What compels thousands of us to hit the roads and trails, day after day? Stress? Friendship? Health? Survival? For many, it's all of the above.
Last year, more than 50,000 runners registered for at least one of the 18 runs in the local Pacers Race Series—a string of events that included the Crystal City 5Ks and Twilighter runs, the Four Courts Four Miler, and the Clarendon Day 5K, 10K and Kids Dash. “Most of our races are shorter distances [10 miles or less] so that they can be accessible to everyone,” says Pacers race coordinator Kathy Dalby.
Adults aren’t the only ones giving running a try. This spring, 319 girls in Arlington, 33 girls in Falls Church City, and more than 1,500 girls in Fairfax County registered for Girls on the Run, a national elementary-school-based program that uses running to teach girls about health, strength of character, and respect for self and others. At the culmination of the spring session, the girls ran one of two 5K races—either in Ballston or Merrifield—where their friends, family and teachers could sign up to run alongside them. The Northern Virginia chapter of Girls on the Run is the third-largest in the nation.
In April, Falls Church fourth-grader Rheinhardt Harrison set a world record for the fastest 10-miler ever run by a 10-year-old, finishing the Cherry Blossom Ten Mile Run in the District in 1:11:24.
Cherrydale resident Ryan Shadrick Wilson would argue that running has simply become part of our shared identity. “It’s just assumed that everyone runs,” she says.
“Running is the new golf.” Shadrick Wilson serves as general counsel for Partnership for a Healthier America, a nonprofit aimed at ending childhood obesity (it was founded in conjunction with first lady Michelle Obama’s Let’s Move! campaign). She recalls being in a recent meeting on physical activity where attendees shared their personal running stories as an icebreaker.
People run for all kinds of reasons, many of them personal.
Falls Church resident Tim Rowe, 45, a former semipro soccer player, resolved to keep running after he hung up his cleats, having witnessed his father’s own health struggles. “My dad had three quadruple-bypass surgeries. It scared me to see what he went through,” says Rowe, who works in health care IT. “I have two sons now and I don’t want to do that to them. My father was a great role model for me in many ways, but he was also an example of what not to do. He really made me aware of how important it is to stay active.”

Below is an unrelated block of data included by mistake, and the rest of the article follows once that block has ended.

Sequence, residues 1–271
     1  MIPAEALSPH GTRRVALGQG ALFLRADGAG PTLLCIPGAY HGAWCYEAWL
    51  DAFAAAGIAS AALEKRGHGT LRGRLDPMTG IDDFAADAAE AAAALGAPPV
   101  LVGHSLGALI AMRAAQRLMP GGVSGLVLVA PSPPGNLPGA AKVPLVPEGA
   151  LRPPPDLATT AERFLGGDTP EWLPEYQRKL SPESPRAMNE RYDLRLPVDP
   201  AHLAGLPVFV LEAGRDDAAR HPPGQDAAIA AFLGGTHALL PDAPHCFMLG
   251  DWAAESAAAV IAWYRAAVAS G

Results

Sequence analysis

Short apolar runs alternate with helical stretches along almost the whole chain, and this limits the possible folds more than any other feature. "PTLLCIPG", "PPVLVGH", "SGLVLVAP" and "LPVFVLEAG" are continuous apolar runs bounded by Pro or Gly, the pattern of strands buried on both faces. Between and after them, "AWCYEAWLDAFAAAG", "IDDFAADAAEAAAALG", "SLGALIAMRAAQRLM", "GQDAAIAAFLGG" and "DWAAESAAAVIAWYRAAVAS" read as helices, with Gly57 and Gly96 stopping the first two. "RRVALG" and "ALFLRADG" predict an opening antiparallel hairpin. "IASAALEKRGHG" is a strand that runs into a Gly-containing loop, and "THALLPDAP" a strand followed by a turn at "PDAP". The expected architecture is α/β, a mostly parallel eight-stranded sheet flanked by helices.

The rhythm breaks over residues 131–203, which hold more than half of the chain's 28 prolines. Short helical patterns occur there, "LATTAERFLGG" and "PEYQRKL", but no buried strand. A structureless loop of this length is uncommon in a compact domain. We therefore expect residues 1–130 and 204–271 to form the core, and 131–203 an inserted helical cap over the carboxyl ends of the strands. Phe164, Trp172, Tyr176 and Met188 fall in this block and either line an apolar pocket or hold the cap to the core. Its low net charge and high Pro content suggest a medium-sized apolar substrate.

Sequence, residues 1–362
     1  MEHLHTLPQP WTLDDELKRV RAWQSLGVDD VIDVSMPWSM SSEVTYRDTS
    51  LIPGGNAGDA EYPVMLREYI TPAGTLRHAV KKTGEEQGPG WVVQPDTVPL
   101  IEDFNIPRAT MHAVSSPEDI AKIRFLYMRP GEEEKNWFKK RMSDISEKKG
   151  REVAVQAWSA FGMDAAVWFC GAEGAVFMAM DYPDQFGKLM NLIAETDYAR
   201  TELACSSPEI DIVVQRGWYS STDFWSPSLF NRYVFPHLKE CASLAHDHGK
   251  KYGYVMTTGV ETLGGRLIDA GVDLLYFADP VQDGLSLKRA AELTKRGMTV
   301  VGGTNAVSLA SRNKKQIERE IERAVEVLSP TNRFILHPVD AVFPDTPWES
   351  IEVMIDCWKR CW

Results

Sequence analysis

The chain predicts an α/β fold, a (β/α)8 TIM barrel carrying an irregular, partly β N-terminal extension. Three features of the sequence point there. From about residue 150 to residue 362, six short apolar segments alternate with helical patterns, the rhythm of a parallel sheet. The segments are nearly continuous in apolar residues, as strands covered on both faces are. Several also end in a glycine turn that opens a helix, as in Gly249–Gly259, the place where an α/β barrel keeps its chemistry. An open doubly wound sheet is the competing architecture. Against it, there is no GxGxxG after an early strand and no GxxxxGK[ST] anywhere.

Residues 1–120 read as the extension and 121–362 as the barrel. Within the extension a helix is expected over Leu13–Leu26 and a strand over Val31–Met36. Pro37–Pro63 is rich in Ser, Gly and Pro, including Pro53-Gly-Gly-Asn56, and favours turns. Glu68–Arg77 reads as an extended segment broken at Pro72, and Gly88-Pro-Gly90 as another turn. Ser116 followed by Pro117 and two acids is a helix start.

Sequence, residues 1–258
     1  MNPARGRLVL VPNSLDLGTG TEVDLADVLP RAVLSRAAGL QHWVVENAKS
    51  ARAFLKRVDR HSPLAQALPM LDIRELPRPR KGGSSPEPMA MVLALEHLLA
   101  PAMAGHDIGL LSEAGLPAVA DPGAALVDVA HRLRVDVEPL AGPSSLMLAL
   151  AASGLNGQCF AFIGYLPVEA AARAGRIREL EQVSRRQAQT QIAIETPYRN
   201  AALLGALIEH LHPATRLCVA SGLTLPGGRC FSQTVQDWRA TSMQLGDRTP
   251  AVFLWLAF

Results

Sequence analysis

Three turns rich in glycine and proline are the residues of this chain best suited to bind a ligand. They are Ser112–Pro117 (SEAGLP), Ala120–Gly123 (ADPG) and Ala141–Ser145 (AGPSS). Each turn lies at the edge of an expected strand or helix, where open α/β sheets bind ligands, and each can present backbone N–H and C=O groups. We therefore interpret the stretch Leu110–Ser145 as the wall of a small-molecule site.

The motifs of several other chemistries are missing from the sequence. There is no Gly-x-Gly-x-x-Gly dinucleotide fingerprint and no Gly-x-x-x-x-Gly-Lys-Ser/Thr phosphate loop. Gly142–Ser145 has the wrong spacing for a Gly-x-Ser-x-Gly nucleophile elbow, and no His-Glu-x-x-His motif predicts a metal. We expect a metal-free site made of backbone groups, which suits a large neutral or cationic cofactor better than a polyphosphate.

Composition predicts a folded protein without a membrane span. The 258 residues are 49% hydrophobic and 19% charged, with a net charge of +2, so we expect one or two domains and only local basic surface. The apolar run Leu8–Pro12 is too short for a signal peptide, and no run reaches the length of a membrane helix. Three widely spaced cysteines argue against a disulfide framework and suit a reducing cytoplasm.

For Sarah Lee, a Lyon Village mother of two who left a career in broadcast journalism in 2011 and is now the director of public relations for Choice Hotels International in Rockville, each morning run is a race against time.
“I’m trying to defy age through strength,” says Lee, who has run 23 marathons in 19 years (she’s qualified for Boston four times, and she ran the 2011 D.C. Ragnar relay as an ultra, meaning half as many team members and twice the mileage per person).
Now 43, Lee meets up with her eight-person running group four to five times a week, sometimes as early as 4:30 a.m. “Once you start to back down, it’s sort of a slippery slope,” she says. “I have to work harder and put more thought into it now. I’ve also got to pay attention to rest and diet.”
Arlington County School Board member Noah Simon, 39, says he runs “to control my weight, clear my mind and do my best thinking. I always try to come back from my runs with one big idea.”
For the past several months, Simon has also been running in remembrance of his wife, Kedron, who passed away in December after a 15-month battle with duodenal cancer. The two met for the first time in 1998 at the Marine Corps Marathon (Simon was a runner; she, a spectator). Kedron ran the marathon the following year and they married in 2000. Running was an integral thread in their lives and their relationship for the next 13 years.
During his wife’s illness, running was a constant for Simon in an otherwise chaotic and stressful time. “Kedron knew that for my mental health and physical well-being, I needed to run,” says the Cherrydale father of two. Now the metronomic sound of his footfalls is helping to propel him through a period of impossible sadness. “It’s nice to be able to have running as a hobby,” he says. “Some people golf. Some people go to bars. I run.”
Of all the coping methods people rely on in times of grief, running is certainly one of the healthier ones. Moderate, frequent exercise is known to reduce the symptoms of depression and anxiety. McLean-based sports psychologist Jennifer Lager says that many of her clients report that running has an almost spiritual, meditative effect on them.
“It’s also a way to connect to a different part of your identity,” she says. “You spend so much time being a parent, a spouse, a professional, but running is a way to connect to the joyfulness of just using your body.”